p. 203 - “I collect anonymous feedback from students after the first month, focusing on constructive criticism and suggestions for improvement, and then e-mail the full set of verbatim comments to the entire class.  In the next class session, I summarize what I thought were the key suggestions, seek feedback on my interpretations, and propose changes to address these issues.”

This is self-explanatory and has direct applicability to any classroom where we care about student opinions regarding our practices. 

p. 206 - “The more principles you have, the greater the odds that employees focus on different values or interpret the same values differently.” 

When the mission statement is too long, no one knows it.  More importantly, no one lives it. This can be a classroom, school, or district mission.  

p. 234 - “For the next two hours, the executives worked in groups, pretending to be one of Merck’s top competitors.  Energy soared as they developed ideas for drugs that would crush theirs and key markets they had missed.  Then, their challenge was to reverse their roles and figure out how to defend against these threats.”

How often does this happen in schools?  Do teachers and administrators talk about “that other school” and why more parents are sending their students there?  What makes your school or district truly stand out?  Have you gotten real feedback from students, parents, and the community on how to improve the school and acted on it?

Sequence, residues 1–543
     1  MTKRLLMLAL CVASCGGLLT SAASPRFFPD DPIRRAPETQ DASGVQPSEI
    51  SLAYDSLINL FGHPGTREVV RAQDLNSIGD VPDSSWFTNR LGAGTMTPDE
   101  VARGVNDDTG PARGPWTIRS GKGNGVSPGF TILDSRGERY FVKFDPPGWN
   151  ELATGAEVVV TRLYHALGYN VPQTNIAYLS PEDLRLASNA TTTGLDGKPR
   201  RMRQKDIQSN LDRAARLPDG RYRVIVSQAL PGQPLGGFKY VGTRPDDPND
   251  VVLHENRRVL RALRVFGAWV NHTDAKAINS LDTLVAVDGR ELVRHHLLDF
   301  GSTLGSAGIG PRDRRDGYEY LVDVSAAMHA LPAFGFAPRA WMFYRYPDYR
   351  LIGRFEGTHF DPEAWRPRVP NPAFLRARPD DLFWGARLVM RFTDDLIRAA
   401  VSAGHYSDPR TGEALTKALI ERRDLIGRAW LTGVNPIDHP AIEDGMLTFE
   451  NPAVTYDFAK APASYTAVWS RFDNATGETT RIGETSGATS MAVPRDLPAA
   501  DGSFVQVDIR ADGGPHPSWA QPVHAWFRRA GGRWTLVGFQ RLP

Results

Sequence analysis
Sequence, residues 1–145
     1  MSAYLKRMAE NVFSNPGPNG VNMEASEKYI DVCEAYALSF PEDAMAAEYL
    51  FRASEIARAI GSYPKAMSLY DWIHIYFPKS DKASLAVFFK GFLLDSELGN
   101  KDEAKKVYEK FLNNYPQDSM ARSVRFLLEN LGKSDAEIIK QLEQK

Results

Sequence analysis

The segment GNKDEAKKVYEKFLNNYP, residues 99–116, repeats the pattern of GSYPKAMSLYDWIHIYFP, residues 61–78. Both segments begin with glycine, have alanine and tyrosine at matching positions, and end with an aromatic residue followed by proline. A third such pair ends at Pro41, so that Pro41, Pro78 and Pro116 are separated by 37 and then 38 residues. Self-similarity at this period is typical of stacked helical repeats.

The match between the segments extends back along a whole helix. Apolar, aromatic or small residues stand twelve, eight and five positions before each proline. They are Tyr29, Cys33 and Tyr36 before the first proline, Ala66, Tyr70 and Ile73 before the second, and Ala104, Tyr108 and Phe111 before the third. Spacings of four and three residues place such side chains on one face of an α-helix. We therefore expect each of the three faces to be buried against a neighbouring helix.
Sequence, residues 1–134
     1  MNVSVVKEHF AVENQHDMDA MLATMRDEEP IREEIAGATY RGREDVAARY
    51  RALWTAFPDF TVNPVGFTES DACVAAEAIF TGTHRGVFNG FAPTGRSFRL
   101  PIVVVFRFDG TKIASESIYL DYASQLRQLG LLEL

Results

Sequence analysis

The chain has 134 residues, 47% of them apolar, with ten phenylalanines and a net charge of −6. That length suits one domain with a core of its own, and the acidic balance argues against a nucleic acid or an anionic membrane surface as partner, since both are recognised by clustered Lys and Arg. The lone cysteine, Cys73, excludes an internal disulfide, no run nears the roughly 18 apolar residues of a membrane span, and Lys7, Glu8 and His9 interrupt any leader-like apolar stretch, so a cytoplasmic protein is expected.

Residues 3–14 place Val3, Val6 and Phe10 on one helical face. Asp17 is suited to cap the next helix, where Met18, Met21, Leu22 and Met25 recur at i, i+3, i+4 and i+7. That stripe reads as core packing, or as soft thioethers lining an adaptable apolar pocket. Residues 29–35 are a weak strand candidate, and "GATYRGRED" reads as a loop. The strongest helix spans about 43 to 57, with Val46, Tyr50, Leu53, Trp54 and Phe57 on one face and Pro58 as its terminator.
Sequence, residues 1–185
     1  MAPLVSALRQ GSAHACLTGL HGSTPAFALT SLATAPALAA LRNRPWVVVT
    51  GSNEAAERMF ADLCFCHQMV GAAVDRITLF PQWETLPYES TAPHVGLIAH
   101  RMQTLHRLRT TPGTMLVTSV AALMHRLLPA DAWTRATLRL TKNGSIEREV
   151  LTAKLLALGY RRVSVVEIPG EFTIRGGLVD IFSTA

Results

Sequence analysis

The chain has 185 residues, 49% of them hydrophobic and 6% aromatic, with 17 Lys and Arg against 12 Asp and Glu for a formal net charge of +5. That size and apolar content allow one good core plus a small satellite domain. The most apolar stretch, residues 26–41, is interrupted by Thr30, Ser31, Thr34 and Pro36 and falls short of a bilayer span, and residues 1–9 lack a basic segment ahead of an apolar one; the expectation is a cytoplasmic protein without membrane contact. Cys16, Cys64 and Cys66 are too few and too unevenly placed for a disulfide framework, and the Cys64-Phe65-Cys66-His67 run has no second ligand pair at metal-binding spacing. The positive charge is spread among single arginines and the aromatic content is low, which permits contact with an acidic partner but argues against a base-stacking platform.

p. 242 - “Research demonstrates that when we’re angry at others, we aim for retaliation or revenge.  But when we’re angry for others, we seek out justice and a better system.  We don’t just want to punish; we want to help.”

Finally, don’t focus on the negative.  Yes, standardized testing is a mess.  I'm more qualified than Betsy Devos to run our education department.  [But no I'm not qualified.]   Legislators at the state level have no idea what they're doing to our kids.  But don’t just fight against our systems. Fight for students every step of the way.  And never forget to share how great they are.  

Inspiration from Chance the Rapper and Baruti Kafele

Everyone that works in education knows about the war currently being waged against public schools.  This isn’t a political blog entry.  I’ve been ranting enough about politics lately, including The Betsy DeVos Disaster of 2017, etc.   Rather, this is a message of inspiration and positivity.